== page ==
These days, it seems like twins are everywhere, so you'd think when people see that double stroller rolling down the street, they'd just shrug and go, "Way to hog the sidewalk, you twin people, you." But noooo. It seems that despite the growing number of multiples out there, many people still look at twins like they're freaks of nature. With identicals on the way, I'm even more concerned about the carnival-show-fascination, worried about how I'm going to make them feel like unique individuals when strangers ask questions like, "When one falls down, does the other one cry?"
Hey, they haven't even left my pregnant belly yet, and already, I get a ton of twin-specific questions about what exactly those two are doing in there. Some questions are totally inappropriate, some are fairly stupid -- but for the most part, I don't really mind. So, for all of you inquiring minds out there, allow me to answer some questions about being pregnant with twins ....
- "Twins, so cool, are they natural?": Every pregnant-with-twins mom has likely heard this at least once ... and is bound to hear it regularly over the course of her children's life. First of all, what kind of question is that? Oh no, they're genetically-enhanced mutant ninja babies, but way to cut to the chase, Barbara Walters! Of course, we all know what they're getting at -- are they IUI or IVF babies? Put simply: it's none of your business! And also: why do you care? It's not like you'd ask a woman pregnant with just one baby, "Oh, you're due in November? Was she conceived on Valentine's Day? Were you on top?" But, here are the facts: Those who undergo fertility treatments that stimulate ovulation have about a 20-40 percent chance of giving birth to fraternal twins. So, yes, it's more common among people who have IUI or IVF, but that's not the only way twins are made.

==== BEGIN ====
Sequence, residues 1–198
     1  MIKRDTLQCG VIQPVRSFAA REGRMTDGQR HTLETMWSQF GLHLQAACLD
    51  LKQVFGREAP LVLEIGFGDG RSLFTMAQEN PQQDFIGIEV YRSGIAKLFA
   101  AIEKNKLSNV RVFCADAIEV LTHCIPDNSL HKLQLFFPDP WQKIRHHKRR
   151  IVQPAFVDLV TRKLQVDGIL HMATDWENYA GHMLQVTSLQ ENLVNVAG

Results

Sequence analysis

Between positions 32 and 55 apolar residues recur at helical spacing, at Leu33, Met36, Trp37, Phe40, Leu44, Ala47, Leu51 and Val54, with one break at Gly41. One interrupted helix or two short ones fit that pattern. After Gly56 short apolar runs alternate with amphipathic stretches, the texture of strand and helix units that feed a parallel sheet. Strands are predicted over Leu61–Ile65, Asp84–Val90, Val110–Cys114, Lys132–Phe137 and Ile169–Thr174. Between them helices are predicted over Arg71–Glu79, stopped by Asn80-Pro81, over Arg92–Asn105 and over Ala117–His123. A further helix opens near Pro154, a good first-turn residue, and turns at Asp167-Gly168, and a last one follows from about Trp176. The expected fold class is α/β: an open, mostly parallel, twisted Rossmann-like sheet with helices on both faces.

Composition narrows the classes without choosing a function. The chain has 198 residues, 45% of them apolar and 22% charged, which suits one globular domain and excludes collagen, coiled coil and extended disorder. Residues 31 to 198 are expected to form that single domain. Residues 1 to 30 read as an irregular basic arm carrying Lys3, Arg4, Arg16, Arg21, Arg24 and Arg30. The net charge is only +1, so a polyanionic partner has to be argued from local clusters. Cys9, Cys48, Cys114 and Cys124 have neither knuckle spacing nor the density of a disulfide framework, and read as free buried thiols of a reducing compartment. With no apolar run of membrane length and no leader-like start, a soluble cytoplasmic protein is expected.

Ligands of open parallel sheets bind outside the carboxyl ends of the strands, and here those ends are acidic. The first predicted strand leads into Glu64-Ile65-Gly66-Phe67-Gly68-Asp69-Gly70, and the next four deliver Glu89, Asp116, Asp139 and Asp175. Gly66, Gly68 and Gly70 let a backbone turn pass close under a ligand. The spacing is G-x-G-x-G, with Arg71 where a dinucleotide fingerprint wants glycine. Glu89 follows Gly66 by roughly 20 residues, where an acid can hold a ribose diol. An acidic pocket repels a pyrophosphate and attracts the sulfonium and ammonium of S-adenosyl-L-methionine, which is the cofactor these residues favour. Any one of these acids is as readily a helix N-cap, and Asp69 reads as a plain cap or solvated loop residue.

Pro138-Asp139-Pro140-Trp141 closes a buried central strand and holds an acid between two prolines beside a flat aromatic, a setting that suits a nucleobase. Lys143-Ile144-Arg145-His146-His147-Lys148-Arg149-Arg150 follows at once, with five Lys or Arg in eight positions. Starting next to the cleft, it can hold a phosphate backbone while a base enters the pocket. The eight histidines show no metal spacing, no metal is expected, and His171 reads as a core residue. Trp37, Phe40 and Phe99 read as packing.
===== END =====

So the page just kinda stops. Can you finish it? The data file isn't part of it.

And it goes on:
- "Twins, so cool, do they run in your family?": This question I can kind of get on board with, because they're not trying to figure out your fertility issues -- they simply want to know, "How did this HAPPEN?" Well, about 1 in 32 births are twin births. If fraternal twins run in your family, there is a 1 in 60 chance that you'll have them yourself. Over the age of 35, your odds increase as well. And they're more common among African-American women. As for identicals, they're just a totally random occurrence, having nothing to do with heredity, race or fertility treatments. They're also super rare: just 1 in 250 births. With odds like that, I've been playing Super Lotto!
- "Did you see that video, with the twins?": Oh yes, I've seen the video of the twin babies gabbing and the twin babies sneezing in unison -- everyone has seen them! And if for some reason, I managed to miss any of the too-cute-for-words footage, about twenty different people emailed me the videos just to make SURE that I had seen them. Yes, all those twin videos are totally adorable ... but after the 25th viewing, they lose some of their charm and become kind of Children of the Corn creepy. Just being honest.